Pub. date: 2010 | Online Pub. Date: May 25, 2010 | DOI: 10.4135/9781412979290 | Print ISBN: 9781412961424 | Online ISBN: 9781412979290| Publisher:SAGE Publications, Inc.About this handbook
Chapter 3: Economic Methodology
Timothy A. Wunder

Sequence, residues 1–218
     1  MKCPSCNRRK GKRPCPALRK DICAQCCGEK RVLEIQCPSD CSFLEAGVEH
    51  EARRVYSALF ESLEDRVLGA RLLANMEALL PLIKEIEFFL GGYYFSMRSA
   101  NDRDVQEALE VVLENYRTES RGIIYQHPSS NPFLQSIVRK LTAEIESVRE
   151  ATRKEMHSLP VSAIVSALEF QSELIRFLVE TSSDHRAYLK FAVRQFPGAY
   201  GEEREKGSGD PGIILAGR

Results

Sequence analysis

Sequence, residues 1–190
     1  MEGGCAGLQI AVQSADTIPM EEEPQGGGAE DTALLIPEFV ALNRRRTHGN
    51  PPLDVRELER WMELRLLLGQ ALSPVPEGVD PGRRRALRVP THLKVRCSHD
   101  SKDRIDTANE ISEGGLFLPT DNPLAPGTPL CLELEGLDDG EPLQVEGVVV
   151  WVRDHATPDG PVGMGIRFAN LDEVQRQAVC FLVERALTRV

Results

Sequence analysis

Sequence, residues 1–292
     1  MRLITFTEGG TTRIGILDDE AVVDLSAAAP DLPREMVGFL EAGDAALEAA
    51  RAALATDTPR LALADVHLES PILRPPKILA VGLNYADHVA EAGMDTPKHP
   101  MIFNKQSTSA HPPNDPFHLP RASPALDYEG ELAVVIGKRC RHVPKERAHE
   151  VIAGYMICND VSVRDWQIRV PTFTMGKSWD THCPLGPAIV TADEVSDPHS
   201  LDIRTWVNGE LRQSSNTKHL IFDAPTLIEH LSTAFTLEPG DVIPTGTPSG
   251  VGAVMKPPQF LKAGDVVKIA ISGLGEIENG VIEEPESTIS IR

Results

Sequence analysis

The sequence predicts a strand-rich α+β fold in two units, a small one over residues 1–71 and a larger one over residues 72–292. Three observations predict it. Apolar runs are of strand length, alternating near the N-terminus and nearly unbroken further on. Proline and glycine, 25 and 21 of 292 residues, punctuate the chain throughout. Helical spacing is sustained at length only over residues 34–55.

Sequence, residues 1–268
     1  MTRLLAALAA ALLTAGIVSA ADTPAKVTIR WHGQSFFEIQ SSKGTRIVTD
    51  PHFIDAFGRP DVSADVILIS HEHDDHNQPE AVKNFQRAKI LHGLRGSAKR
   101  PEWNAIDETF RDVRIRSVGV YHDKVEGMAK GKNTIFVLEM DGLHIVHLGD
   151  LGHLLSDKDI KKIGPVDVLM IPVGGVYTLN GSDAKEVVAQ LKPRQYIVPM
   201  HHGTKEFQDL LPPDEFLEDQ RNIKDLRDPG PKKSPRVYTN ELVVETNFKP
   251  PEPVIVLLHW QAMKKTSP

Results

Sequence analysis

Economic methodology Undergraduate students are often introduced to economic concepts using graphical expressions, and the expressions become the defining method of explaining and exploring the economic realm. The graphs become what the students perceive as “economics,” and this is what is meant as “methodology.” If you ask the students, “How do you do economics?” the answer would be based on the graphical examples offered in the classes. Methodology is a complicated way of saying, “These are the tools economists use to explain the economy.” Beginning students are offered very simple tools to explain the concepts of supply, demand, and equilibrium, but the ideas, as well as the graphs, are all part of the methodology. In most undergraduate economics classes, theory is offered to the student as a body of cohesive ideas set within a structure that seems internally consistent and mutually reinforcing. Such a monolithic view of theory may offer ...